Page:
As Jesus passed along the Sea of Galilee, he saw Simon and his brother Andrew casting a net into the sea—for they were fishermen. And Jesus said to them, “Follow me and I will make you fish for people.” And immediately they left their nets and followed him.
Mark 1: 16-19
We don’t know what there was about Jesus that led Simon, Andrew, then immediately following those two came James, John, and others who left their homes and families to follow Jesus. There was something so remarkably compelling about Jesus that these and others followed Jesus into an uncertain future. They followed Jesus with no idea of where it would lead them.
As far as I can determine, the twelve persons Jesus called to be his companions were ordinary men. There is no indication that Jesus did any background checks to determine their IQ levels, financial judgment, professional skills, or religious education. He picked people perhaps like you and me. Besides, his disciples were anything but perfect. They often misunderstood him. They often hesitated to follow him and sometimes disagreed with him. Judas betrayed him and Peter denied him. But these were the persons who continued Jesus’ work on earth after he left, just ordinary people, like you and me. They were called and they immediately followed him.
Also, Jesus’ first disciples were “northerners,” from the northern province of Galilee. The capital of Israel was Jerusalem in the former southern kingdom, the religious center where the temple was. It is no wonder that Jesus was greeted with such skepticism when he traveled to Jerusalem from his home in the northlands of Galilee with his Galilean friends. The religious leaders in Jerusalem considered Jesus an “outsider” since he was from the north, Nazareth.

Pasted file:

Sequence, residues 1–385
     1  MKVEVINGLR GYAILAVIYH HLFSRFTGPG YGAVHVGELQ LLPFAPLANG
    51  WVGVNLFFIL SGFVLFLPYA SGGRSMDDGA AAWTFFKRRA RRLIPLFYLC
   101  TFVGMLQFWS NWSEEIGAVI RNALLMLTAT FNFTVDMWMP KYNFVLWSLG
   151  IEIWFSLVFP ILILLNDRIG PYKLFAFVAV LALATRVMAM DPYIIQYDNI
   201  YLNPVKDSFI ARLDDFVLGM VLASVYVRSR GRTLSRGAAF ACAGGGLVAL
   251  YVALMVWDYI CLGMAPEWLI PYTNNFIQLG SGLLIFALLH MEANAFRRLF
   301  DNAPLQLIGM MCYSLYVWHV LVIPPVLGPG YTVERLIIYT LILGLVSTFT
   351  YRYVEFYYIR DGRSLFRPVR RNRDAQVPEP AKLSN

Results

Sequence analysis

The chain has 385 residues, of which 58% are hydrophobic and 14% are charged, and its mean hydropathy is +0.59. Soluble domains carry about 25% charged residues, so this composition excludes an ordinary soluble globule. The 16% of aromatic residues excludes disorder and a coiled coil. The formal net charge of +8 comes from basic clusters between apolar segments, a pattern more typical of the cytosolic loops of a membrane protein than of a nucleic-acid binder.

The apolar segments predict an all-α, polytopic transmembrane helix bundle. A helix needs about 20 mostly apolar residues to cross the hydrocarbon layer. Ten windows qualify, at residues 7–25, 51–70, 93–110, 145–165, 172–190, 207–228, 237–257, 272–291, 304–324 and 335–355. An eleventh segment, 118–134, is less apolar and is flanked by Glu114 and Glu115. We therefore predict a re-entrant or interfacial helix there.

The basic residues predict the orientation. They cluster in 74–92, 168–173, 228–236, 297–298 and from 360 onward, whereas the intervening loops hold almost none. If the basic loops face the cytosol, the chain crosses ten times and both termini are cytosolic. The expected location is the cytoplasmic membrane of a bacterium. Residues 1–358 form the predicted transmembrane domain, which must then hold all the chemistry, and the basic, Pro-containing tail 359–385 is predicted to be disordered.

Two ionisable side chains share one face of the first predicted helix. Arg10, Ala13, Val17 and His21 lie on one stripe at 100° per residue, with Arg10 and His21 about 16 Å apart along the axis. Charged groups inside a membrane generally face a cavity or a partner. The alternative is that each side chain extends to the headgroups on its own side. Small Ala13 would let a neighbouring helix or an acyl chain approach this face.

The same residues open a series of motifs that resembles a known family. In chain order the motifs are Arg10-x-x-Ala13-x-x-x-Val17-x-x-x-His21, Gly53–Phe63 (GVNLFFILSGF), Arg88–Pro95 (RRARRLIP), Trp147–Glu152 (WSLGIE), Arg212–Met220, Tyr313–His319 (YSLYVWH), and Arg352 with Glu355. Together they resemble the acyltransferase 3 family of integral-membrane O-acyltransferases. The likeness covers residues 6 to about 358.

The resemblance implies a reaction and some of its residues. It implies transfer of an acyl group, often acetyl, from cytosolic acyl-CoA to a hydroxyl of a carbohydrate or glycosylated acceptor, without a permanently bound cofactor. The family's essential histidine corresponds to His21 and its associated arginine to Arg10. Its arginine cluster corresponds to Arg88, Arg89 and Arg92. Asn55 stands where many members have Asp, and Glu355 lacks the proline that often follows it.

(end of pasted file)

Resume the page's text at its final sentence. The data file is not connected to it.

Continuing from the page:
Every one of these disciples were chosen and called personally by Jesus, and we believe that God calls each one of us personally. God also calls us into the fields and careers of our lives and in those environments, we are called to live out our call to follow Jesus. The fact is that God’s call is not limited to clergy. God calls people to be pastors and church workers, but God’s call is not limited to clergy. God calls every single one of us into a work for the Kingdom of God that is needed for our world.
I was visiting with two of our youth and young adult workers in our congregation this weekend. They are both university students, one in a pre-med preparation course of study and the other in aeronautical science preparing to work in the space industry. As they talked about their hopes and dreams of the future I listened to dreamers who had goals for their lives and woven into their goals were their hopes, dreams, and prayers, their call from God for serving God in medicine and in space sciences. As we each live our lives directed toward some profession God has called us to, we have many amazing opportunities to fish for people in that professional arena of calling. Like those first disciples, we each have to seek God’s leadership in learning how to use the skills we are learning to use in fishing for people.
- What profession are you in and how are you called to fish for people in your work?
- Can you write down some of the ways God’s call is lived out in your profession?
- Do you pray for God’s leadership as you perform the tasks of your professional work?
Sue is NLS Spiritual Director, since 2019 and is a retired Lutheran Pastor (ELCA). Active in VdC since 1995, she has served two terms on the Board of the Texas VdC Secretariat, and also on the Texas Gulf Coast VdC Board as Spiritual Director since its start-up in 2017.